Fr. Matthew "I'm here to speak on 'Perfection' because Tink can't!"
He must have meant I couldn't make it last week to speak on that topic because I was busy at my parish. And he was right.
But whatever he may have meant, I'm here to speak on Humility, because Fr. Matthew can't." ...and what I mean is just that he is busy up at his parish and everything. He tells me again and again, "one day, when you grow up and become a pastor yourself with your own parish, you will understand what I mean."
Okay that's enough fun, we could do this all day but I might need to go to Confession after my talk if I don't stop now. Plus, it wouldn't really do us much good - that's not why we are here.
We are here to hear about a man, a priest, named Josemaría Escrivá who founded a nice little catholic club that we know of now as Opus Dei. In fact, this group was so unique in its time that it required its own sort of legal status within the Church's structures. What Josemaría envisioned was that all work (as long as it wasn't morally objectionable) could become an Opus Dei, a work of God: our work can be made into God's work.
So the title tonight, “Footprints in the Snow” may have seemed confusing to you, and I apologize if it was a point of angst that you had no idea what it meant. But if that curiosity was good enough to bring you here tonight, then I don't apologize. I'm glad it worked. You see, I simply robbed it from this little pictorial biography I read last fall about this Saint.
Near the beginning of the biography is the story from the title, which is also portrayed in the movie version about the first 35 years of this saint's life and the beginnings of Opus Dei during the Spanish Civil War (the movie is called There Be Dragons, and it's one of those rare saint movies that doesn't make you want to gag because it gets too cheesy – so you can try to share it with some people who aren't too into their faith but are open to it). Okay so, back to the snowprints ….(Chapter 2).
This vocation grew slowly within him... a lot like me. It took a long time for me to make sense of my future, but I, like Josemaría, was happy along the way – trying to stay close to the Lord and asking for guidance. But eventually going to seminary, Josemaría finds his vocation to be a diocesan priest so that he could be more flexible for wherever God was leading him in his future. One thing that surprised me about this saint, and about the lives of so many other saints that is so often different from our own: something hits them hard and wakes them up to live life on a different level. I am stunned that so many saints have severe trial or tragedy in their lives, even if something as simple as the death of loved ones. For Saint Josemaría, he lost three younger sisters in under 4 years: an infant, a 5-yr-old and of 8-yr-old. Then his dad died just months before his ordination to priesthood. Why do these things so often play a part in making saints? I think because it impresses upon them, deep into their hearts, some simple truths that we all should remember: (1) human life is precious and every day counts. (2) our decisions make a difference, a huge difference. And because even the small choices we make have impact, then our passions, the deeper reasons for what motivates all we do, have the force of a tidal wave.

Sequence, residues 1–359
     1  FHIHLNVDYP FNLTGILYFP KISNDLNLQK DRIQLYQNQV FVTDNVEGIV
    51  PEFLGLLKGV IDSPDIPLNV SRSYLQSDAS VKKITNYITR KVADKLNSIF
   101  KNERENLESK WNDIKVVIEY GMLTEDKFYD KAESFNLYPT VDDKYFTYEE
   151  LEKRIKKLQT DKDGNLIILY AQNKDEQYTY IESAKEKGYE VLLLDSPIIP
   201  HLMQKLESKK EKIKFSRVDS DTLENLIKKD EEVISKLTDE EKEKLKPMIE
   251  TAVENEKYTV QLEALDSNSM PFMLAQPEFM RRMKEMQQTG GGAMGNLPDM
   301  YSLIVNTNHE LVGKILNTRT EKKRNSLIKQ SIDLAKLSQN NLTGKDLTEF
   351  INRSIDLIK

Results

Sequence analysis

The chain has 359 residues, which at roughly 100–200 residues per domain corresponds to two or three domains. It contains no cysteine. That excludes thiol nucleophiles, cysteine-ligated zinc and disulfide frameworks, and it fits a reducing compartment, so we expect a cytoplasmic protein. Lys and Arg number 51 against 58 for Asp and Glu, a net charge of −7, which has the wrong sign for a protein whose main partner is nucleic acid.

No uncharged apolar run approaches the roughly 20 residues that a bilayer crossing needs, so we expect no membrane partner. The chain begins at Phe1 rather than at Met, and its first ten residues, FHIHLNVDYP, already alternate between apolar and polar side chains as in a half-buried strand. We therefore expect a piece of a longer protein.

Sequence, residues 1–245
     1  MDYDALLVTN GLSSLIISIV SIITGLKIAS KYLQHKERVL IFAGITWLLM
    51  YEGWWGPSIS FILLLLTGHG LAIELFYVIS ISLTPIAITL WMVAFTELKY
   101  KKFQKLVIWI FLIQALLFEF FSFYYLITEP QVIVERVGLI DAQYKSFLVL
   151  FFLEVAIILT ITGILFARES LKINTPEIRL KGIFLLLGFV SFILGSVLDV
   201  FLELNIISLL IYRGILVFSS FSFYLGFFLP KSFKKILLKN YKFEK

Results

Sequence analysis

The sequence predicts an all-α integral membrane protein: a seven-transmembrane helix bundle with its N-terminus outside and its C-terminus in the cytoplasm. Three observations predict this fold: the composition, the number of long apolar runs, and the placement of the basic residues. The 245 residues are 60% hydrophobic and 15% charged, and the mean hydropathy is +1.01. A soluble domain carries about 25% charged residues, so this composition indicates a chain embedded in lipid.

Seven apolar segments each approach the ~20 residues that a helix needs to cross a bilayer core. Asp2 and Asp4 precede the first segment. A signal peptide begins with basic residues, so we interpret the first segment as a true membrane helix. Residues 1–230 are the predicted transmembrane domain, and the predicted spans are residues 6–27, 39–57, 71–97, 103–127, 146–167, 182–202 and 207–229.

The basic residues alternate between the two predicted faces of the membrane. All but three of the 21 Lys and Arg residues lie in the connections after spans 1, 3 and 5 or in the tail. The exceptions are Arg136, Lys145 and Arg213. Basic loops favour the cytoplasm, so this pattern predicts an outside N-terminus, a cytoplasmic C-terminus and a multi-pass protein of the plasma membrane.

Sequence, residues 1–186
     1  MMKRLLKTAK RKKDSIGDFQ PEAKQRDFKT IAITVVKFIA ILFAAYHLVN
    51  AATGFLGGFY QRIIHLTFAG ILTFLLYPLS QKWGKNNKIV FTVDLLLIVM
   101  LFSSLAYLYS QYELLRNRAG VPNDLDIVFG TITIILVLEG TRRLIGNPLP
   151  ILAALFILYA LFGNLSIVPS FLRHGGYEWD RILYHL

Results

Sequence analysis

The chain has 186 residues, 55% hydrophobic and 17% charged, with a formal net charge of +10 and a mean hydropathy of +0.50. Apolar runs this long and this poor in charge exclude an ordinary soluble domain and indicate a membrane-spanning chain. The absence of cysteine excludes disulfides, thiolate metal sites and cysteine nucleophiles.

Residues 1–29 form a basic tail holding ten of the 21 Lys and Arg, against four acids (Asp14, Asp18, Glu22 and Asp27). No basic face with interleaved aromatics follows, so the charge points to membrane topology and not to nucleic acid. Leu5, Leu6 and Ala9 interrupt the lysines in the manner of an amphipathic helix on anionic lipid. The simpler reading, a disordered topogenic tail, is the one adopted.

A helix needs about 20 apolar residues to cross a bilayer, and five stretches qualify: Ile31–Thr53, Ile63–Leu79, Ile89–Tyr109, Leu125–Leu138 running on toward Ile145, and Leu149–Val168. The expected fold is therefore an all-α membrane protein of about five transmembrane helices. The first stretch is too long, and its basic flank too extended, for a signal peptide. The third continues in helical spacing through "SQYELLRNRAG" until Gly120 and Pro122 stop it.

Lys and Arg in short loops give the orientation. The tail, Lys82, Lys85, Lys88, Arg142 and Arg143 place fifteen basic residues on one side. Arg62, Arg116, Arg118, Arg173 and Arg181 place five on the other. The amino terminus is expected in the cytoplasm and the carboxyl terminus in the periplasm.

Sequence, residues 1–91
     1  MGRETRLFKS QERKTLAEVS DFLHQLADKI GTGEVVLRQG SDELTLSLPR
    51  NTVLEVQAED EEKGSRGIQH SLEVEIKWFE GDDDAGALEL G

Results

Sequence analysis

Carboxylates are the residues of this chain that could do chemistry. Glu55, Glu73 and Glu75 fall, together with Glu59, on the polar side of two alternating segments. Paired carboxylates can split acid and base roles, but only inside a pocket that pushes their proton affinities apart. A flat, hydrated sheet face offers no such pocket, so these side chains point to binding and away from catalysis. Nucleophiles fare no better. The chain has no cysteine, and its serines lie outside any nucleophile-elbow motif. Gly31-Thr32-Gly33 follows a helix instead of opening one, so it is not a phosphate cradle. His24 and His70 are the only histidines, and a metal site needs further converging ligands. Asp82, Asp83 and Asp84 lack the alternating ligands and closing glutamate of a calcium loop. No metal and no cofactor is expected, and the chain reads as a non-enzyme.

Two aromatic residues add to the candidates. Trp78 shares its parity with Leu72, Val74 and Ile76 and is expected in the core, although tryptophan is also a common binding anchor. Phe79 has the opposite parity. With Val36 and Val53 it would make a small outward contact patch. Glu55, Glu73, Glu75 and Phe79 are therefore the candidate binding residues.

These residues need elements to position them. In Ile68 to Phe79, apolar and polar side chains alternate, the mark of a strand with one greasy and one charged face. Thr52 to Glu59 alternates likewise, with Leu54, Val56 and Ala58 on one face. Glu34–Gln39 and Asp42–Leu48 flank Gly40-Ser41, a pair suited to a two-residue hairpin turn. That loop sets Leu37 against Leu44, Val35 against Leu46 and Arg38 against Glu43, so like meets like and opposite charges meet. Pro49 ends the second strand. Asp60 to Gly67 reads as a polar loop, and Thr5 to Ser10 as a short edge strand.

I love music, and listened to a lot of Christian music ever since childhood. There's a band I've been listening to lately called Switchfoot, and they have a song that gets exactly at these points. Some of the lyrics are: “You change the world, you change my world, every day you're alive.” And “what you say is your religion, how you say it's your religion. Who you love is your religion; how you love is your religion. All your science, your religion. All your hatred, your religion. All your wars are your religion. Every breath is your religion.”
We are called to greatness, and it comes from
I didn't run into this saint until just before I entered into seminary. My friends in college were all given this collection of quotes from this Saint which he organized from snippets of letters he wrote, etc. It was called “The Way” and that was really about all I knew at the time. I was in fact, pretty jealous that I didn't receive a copy myself at the time. I couldn't pinpoint why but I wanted one. Perhaps I felt left out or something – you know, missing all those Catholic “inside jokes” and stuff. Anyways, a year or two goes by and I decide to buy for myself the book, and actually the whole trilogy in one book, which includes two more sets of sayings, about 1000 each, most of them just two or three sentences. Talk about bite-sized and really useful for busy people.
St. Josemaría gives his own advice on the three books as a Prologue. For The Way he writes: Read these counsels slowly. Pause to meditate on these thoughts. They are things that I whisper in your ear – confiding them – as a friend, as a brother, as a father. And they are being heard by God. I won't tell you anything new. I will only stir your memory, so that some thought will arise and strike you; and so you will better your life and set out along ways of prayer and of love. And in the end you will be a more worthy soul.
I want to use tonight to look at some of the lessons that Josemaría gave me through this little book.
For Furrow, he says: My reader and friend, let me help your soul contemplate the virtues of man, for grace works upon nature. But do not forget that these considerations of mine though they may seem very human to you must be priestly as well. Since I have written them for you and for myself – an I have put them into practice too- before God. I ask Our Lord that these pages may be of use for us. May we profit by them and e moved by them so that in our lives our deeds may leave behind a deep and fertile furrow.
Oct 6, 2002 Canonization 500,000